Barcelona is undoubtedly one of the most popular tourist cities in the world, with many top attractions such as the Sagrada Família, Camp Nou and of course its long sandy beaches. If you’re ready to see a different side of Barcelona, ready to experience life like a Catalan might, from learning the language to cultural traditions, this handy guide to living like a local in Barcelona should help you on your way.
Kick back and relax
Where will you find the locals of Barcelona spending their weekends? Many head to the Pyrenees mountains north of Barcelona to enjoy some quality family time, whether it be skiing during the winter months or relaxing by the lake during summer. The beach is also a popular destination for residents during the summer months, but if you truly want to live like a local in Barcelona, avoid Barceloneta beach at all costs and head to one of many beaches just outside of the city such as Castelldefels, Montgat or Garraf, and even beaches further afield such as Cala de Sant Francesc and Calella de Palafrugell.
Parc de la Ciutadella, although a tourist attraction in its own right, is often flooded with locals on Sunday afternoons for various events such as charity galas, salsa classes and free concerts, making it the perfect place to blend in! Turó de la Rovira (a.k.a El Bunker del Carmel) is another popular spot for the residents of Barcelona. This hill, a former bunker from the Spanish Civil War, is located next to Park Güell and offers amazing, 360 degree views over the city without the hoards of tourists, making it the perfect place for a quiet picnic. Bus V17 from Port Vell, or bus 119 from Carmel, will take you directly to the top of the bunker. Alternatively, you can reach the top of the steep hill in 20 minutes from Alfons X metro station (L4).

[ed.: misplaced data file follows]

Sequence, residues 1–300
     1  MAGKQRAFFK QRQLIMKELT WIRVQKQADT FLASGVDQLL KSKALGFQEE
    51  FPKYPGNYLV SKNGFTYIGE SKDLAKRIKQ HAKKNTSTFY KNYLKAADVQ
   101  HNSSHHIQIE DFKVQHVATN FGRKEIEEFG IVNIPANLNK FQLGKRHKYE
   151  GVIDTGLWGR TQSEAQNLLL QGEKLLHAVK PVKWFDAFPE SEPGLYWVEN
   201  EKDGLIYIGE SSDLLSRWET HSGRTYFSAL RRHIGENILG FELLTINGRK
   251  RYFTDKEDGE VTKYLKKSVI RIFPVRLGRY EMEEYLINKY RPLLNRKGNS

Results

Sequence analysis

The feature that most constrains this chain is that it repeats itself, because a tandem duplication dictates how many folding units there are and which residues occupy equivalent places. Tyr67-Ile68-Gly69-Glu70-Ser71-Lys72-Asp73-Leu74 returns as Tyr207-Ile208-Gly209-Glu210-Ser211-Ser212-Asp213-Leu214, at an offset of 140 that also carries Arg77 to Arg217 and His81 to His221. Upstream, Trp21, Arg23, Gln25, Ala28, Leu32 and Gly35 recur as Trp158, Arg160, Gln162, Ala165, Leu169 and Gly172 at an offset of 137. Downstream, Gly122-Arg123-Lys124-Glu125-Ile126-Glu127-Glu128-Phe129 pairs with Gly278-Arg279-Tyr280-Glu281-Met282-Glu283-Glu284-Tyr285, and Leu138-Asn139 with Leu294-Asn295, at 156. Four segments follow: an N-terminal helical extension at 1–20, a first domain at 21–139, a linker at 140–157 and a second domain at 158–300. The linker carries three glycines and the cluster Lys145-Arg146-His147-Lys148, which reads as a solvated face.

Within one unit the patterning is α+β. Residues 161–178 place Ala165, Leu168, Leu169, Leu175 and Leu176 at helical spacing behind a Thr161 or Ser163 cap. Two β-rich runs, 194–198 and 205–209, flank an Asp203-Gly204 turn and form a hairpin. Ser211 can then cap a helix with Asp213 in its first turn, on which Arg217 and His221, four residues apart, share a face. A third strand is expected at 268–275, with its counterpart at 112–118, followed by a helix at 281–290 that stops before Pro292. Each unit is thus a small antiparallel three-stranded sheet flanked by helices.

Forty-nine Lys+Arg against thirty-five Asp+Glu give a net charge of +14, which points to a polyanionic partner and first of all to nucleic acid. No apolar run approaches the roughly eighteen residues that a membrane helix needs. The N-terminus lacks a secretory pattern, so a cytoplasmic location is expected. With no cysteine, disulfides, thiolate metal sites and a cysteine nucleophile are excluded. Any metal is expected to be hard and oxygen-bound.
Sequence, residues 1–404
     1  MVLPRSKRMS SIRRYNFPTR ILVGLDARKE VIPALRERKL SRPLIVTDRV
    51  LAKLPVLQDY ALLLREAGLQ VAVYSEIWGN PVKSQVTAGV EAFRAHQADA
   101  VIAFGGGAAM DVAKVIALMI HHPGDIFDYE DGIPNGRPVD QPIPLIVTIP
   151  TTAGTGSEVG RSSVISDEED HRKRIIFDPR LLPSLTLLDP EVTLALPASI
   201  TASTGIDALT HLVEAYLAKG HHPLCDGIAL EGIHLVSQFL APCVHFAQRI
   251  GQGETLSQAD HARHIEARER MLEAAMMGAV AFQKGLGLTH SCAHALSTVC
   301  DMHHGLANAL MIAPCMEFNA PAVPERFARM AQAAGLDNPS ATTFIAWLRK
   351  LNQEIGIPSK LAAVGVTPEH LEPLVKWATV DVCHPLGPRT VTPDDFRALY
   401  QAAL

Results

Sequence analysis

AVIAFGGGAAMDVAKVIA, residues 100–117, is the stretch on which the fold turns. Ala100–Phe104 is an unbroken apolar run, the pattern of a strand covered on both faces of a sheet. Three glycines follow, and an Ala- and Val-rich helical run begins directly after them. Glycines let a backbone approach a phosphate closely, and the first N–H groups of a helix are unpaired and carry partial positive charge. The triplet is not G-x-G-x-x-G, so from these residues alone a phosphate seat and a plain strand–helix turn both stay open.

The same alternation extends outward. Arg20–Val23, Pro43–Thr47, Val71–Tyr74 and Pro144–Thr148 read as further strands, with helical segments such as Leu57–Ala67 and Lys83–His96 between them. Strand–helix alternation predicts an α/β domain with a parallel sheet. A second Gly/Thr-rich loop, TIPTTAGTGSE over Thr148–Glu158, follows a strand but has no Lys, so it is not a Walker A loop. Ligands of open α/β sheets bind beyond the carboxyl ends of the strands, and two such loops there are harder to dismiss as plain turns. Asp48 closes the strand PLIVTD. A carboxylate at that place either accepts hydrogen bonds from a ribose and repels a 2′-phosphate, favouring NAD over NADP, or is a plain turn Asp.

Barcelona is a bilingual city in which most signs and announcements are in Catalan rather than Spanish. Speaking Spanish is more than enough, however if you truly want to blend in here are some informal Catalan phrases to help you on your way…
Hello = Hola
Good Morning = Bon dia
Good Afternoon = Bona tarda
Good Evening = Bona nit
How are you = Com estàs?
Good, thanks, and you? = Bé, grácies, i tu?
How much is this? = Quant costa això?
I don’t understand = No ho entenc
Goodbye = Adéu
Wining and Dining
First things first, dining like a local in Barcelona means you’ll have to eat your dinner in the late evening, around 10pm. And tapas? It’s just a snack, not a meal! One tasty tapas dish that is the epitome of Catalan cuisine is pa amb tomàquet (bread with tomato) – said to originate from Catalonia, you will find this served at many restaurants throughout the city, often as an appetiser.
In the Poble Sec neighbourhood of Barcelona, on C/ Blai, you will find an array of pintxo bars. Here you will find many natives enjoying a beer and the best of these tasty bite sized snacks amongst friends.
Within the quaint streets of the Gràcia neighbourhood, away from the shopping centres and fast food chains, you will find many local bars, restaurants and cafés just waiting to be discovered. Plaça del Diamant is a great place to start. This quirky, hidden square is the go-to place for the residents of Gràcia when meeting up with friends and family. A few of our favourite spots in Gràcia include Taverna El Glop, a tasty Mediterranean restaurant with a BBQ twist, and Gasterea, the best place to grab tapas and a drink.